Dendritic cell NLRC4 regulates influenza A virus-specific CD4+ T cell responses through FasL expression

Emma E. Hornick, Jargalsaikhan Dagvadorj, Zeb R. Zacharias, Ann M. Miller, Ryan A. Langlois, Peter Chen, Kevin L. Legge, Gail A. Bishop, Fayyaz S. Sutterwala, Suzanne L. Cassel

Research output: Contribution to journalArticlepeer-review

7 Scopus citations

Abstract

Influenza A virus-specific (IAV-specific) T cell responses are important correlates of protection during primary and subsequent infections. The generation and maintenance of robust IAV-specific T cell responses relies on T cell interactions with dendritic cells (DCs). In this study, we explore the role of the nucleotide-binding domain leucine-rich repeat-containing receptor family member NLRC4 in modulating the DC phenotype during IAV infection. Nlrc4-/- mice had worsened survival and increased viral titers during infection, normal innate immune cell recruitment, and IAV-specific CD8+ T cell responses, but severely blunted IAV-specific CD4+ T cell responses compared with WT mice. The defect in the pulmonary IAV-specific CD4+ T cell response was not a result of defective priming or migration of these cells in Nlrc4-/-mice but was instead due to an increase in FasL+ DCs, resulting in IAV-specific CD4+ T cell death. Together, our data support a role for NLRC4 in regulating the phenotype of lung DCs during a respiratory viral infection and thereby influencing the magnitude of protective T cell responses.

Original languageEnglish (US)
Pages (from-to)2888-2897
Number of pages10
JournalJournal of Clinical Investigation
Volume129
Issue number7
DOIs
StatePublished - 2019

Bibliographical note

Funding Information:
We are grateful to members of the Inflammation Program, Eric Elliott, Mary Wilson, Diogo Valadares, and Bruce Hostager (University of Iowa, Iowa City) for valuable discussions and technical assistance. We thank Beng San Yeoh and Matam Vijay-Kumar (University of Toledo) for providing Nlrc4-/- femurs. We thank members of the University of Iowa Flow Cytometry Facility, a Carver College of Medicine/Holden Comprehensive Cancer Center core research facility, for their expertise. NIH grants R01 AI118719 (to FSS), R01 AI104706 (to SLC), and T32 AI007485 (to EEH and AMM) and a grant from the Harry J. Lloyd Charitable Trust (to FSS) supported this work. This material is the result of work supported in part with resources and the use of facilities at the Iowa City Veterans Administration Medical Center. The contents of this report do not represent the views of the Veterans Administration or the United States Government.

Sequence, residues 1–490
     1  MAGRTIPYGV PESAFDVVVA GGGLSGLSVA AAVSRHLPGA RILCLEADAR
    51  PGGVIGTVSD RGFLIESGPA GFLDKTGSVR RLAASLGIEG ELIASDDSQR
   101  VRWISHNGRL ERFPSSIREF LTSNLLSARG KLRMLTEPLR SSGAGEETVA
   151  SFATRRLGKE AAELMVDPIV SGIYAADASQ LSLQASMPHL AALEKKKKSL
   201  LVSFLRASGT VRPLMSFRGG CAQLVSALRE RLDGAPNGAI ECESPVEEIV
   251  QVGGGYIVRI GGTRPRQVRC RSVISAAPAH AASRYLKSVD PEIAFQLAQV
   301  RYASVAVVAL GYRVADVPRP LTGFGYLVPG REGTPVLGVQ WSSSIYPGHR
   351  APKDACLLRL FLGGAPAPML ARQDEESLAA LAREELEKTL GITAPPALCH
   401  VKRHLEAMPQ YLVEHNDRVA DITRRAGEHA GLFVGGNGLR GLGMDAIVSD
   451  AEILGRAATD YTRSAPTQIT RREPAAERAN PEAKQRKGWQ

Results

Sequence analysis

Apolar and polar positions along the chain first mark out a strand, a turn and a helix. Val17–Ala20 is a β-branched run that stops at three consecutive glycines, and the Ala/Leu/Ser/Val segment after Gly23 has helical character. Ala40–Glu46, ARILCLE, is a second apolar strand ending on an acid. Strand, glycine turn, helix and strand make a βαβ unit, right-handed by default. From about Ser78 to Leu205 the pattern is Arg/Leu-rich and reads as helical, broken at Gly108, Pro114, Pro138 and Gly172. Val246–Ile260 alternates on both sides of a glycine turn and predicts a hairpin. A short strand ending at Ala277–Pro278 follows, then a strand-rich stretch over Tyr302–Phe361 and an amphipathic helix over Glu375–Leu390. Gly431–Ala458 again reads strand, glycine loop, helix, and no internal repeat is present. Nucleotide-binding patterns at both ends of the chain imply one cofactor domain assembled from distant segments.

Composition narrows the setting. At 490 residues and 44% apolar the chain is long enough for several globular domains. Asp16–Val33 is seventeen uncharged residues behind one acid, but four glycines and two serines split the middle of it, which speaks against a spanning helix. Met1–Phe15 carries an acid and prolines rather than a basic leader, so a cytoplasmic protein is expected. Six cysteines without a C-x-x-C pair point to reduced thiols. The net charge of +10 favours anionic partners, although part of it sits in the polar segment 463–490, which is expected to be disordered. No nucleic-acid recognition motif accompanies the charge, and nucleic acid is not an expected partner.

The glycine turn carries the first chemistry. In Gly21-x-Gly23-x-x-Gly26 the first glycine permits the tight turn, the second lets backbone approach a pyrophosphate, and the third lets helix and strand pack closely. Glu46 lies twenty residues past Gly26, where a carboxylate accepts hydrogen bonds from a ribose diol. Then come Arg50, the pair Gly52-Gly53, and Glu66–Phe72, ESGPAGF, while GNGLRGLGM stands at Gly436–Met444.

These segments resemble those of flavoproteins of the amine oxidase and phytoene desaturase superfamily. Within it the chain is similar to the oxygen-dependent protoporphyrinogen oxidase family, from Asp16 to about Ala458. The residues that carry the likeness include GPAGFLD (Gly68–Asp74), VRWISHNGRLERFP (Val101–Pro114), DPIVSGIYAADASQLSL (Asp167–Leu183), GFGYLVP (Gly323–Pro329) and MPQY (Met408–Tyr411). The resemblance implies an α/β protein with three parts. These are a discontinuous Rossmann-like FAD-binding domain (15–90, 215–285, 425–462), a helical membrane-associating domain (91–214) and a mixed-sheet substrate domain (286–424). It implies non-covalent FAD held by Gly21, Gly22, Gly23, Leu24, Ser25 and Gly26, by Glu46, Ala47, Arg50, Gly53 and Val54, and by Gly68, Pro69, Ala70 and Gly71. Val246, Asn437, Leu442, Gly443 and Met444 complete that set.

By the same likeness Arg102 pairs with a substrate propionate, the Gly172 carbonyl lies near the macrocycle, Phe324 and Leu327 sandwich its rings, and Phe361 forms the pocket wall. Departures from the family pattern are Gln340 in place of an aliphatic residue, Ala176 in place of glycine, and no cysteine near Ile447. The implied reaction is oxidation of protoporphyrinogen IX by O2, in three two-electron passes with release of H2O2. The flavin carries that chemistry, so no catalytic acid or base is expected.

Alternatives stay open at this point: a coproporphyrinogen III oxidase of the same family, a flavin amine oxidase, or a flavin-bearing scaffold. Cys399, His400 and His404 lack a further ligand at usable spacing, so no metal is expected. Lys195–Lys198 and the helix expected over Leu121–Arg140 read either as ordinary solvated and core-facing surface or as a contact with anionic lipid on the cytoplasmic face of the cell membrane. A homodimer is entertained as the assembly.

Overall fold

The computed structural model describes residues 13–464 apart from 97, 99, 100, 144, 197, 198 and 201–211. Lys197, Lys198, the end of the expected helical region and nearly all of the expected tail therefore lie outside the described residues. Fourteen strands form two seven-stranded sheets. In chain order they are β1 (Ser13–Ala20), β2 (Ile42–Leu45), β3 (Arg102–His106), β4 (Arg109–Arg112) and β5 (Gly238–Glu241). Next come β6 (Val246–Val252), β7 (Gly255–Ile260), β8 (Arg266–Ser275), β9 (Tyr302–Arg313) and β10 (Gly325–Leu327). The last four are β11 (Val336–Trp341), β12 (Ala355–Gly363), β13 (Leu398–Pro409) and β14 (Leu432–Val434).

Funding Information:
We are grateful to members of the Inflammation Program, Eric Elliott, Mary Wilson, Diogo Valadares, and Bruce Hostager (University of Iowa, Iowa City) for valuable discussions and technical assistance. We thank Beng San Yeoh and Matam Vijay-Kumar (University of Toledo) for providing Nlrc4–/– femurs. We thank members of the University of Iowa Flow Cytometry Facility, a Carver College of Medicine/Holden Comprehensive Cancer Center core research facility, for their expertise. NIH grants R01 AI118719 (to FSS), R01 AI104706 (to SLC), and T32 AI007485 (to EEH and AMM) and a grant from the Harry J. Lloyd Charitable Trust (to FSS) supported this work. This material is the result of work supported in part with resources and the use of facilities at the Iowa City Veterans Administration Medical Center. The contents of this report do not represent the views of the Veterans Administration or the United States Government.

Publisher Copyright:
© 2019, American Society for Clinical Investigation.

Copyright:
Copyright 2019 Elsevier B.V., All rights reserved.

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